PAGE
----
1. reactionary movement advocates the restoration of a previous state of social affairs,
    2. Types of social movements
    3. revolutionary movement advocates rapid, precipitous change
    4. reform movement works for slow, evolutionary change
    1. are those which are organised for ‘improvement’ or ‘purification’ of the cultural or socialorder by eliminating ‘evil’ or ‘low’ customs, beliefs or institutions.

      slide 6 (approximate)

    2. typologies widely used for social movements to tribal movements: (1)reactionary; (2) conservative; (3) revisionary or revolutionary. The reactionary movementtries to launch a movement to bring back ‘the good old days’, whereas the conservativemovement tries to maintain the status quo. The revisionary or revolutionary movements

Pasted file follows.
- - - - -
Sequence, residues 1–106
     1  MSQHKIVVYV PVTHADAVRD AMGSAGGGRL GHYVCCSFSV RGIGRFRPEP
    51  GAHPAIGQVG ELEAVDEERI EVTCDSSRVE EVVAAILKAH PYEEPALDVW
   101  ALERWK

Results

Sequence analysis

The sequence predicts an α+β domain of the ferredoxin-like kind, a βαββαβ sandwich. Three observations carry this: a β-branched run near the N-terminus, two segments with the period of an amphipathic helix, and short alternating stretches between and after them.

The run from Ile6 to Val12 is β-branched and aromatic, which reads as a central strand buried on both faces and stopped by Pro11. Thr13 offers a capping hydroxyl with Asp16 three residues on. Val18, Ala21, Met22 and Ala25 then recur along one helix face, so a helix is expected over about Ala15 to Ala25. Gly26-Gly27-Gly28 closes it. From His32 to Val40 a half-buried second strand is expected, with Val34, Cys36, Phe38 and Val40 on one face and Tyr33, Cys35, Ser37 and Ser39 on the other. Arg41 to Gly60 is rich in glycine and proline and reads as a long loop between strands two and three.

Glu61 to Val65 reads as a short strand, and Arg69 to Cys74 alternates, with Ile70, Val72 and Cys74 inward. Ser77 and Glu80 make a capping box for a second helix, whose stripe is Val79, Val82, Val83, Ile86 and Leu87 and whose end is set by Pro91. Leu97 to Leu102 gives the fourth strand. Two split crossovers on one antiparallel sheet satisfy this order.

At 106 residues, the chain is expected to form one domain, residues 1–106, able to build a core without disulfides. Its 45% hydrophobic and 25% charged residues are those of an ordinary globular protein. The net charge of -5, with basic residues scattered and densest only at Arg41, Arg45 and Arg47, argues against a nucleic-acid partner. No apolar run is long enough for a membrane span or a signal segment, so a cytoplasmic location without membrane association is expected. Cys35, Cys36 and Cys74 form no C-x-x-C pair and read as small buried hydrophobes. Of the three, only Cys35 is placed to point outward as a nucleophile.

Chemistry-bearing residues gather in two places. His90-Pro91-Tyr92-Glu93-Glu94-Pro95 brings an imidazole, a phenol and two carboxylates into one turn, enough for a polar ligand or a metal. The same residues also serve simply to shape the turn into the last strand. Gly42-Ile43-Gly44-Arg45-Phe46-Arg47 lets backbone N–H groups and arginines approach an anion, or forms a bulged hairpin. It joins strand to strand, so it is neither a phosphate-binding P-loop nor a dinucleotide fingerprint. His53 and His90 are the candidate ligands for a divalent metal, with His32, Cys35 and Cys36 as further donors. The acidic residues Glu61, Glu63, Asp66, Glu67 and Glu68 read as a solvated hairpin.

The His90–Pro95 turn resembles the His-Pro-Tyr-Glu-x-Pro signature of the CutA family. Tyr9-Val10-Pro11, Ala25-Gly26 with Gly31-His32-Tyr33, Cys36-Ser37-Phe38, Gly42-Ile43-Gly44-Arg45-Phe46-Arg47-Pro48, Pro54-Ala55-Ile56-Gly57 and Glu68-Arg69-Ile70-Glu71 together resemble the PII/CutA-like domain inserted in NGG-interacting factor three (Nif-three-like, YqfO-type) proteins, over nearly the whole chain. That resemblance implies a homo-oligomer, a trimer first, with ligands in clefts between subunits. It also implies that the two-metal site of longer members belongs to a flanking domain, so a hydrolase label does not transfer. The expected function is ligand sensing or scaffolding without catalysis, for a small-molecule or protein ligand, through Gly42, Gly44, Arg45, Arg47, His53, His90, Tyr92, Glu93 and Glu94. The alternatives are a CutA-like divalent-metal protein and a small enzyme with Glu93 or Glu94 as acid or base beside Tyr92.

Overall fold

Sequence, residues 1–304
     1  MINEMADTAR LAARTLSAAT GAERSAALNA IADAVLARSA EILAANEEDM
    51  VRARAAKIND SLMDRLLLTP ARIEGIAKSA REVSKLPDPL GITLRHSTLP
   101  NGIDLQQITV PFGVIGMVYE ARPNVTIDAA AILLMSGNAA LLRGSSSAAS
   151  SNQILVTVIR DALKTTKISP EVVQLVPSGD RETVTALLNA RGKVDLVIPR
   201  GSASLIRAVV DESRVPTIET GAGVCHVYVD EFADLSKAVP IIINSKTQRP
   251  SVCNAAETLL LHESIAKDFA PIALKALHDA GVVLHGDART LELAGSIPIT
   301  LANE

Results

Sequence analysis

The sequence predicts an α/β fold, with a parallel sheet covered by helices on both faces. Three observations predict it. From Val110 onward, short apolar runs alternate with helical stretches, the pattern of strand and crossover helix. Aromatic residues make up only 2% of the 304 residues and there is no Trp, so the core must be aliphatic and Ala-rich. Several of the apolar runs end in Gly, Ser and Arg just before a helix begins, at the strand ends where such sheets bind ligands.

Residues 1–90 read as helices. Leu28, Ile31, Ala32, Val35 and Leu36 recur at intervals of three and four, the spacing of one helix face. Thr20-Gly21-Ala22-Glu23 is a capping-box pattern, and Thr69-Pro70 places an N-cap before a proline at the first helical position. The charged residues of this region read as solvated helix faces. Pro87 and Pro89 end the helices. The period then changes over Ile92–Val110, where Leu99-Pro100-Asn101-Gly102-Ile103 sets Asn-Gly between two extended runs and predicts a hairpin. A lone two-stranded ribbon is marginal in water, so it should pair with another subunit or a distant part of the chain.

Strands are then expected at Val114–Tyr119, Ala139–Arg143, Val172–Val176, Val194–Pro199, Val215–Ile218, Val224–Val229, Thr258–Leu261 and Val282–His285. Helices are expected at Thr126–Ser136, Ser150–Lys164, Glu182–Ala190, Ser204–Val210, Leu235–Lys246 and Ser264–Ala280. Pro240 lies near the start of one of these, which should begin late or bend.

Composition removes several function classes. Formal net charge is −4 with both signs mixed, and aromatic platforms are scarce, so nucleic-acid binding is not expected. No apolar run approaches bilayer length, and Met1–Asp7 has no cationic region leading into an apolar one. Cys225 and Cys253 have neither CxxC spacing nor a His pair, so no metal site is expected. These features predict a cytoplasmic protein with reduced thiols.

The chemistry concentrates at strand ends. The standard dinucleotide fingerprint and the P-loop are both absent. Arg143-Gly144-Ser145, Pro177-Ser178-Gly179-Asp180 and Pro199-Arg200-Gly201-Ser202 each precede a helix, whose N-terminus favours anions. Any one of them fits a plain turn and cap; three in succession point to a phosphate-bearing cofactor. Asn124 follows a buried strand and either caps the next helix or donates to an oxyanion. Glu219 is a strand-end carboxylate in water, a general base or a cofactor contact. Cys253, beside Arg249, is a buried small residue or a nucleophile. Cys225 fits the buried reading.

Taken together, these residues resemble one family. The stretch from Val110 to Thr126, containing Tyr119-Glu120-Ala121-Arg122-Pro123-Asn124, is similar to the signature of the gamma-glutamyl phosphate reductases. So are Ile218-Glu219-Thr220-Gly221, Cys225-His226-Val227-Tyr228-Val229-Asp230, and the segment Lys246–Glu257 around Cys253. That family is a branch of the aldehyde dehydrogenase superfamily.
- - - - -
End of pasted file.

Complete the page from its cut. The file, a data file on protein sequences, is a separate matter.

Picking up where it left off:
slide 6 (approximate)

    3. institutionalised

      slide 3

    4. struggle to overthrow not only the established government and regime but also the socio-economic structure which sustains it, and replace the structure by an alternative socialorder.For Partha Mukherji (1977), social movements are accumulative, alternative andtransformatory. Accumulative changes are changes within the given structure and system.M.S.A. Rao (1978) also offers more or less similar typologies: reformist, transformatoryand revolutionary. However, T.K. Oommen believes that ‘the movements will neitherhave the potentialities to root out the existing system completely nor will they succumb tothe traditional structures entirely. Essentially then, social movements provide the stagefor confluence between the old and new values and structures’ (1977: 16). His typologiesare related to the process of movement crystallisation, the life style and the phases ofsocial movements. For him, movements are charismatic, ideological and organisational.

      slide 5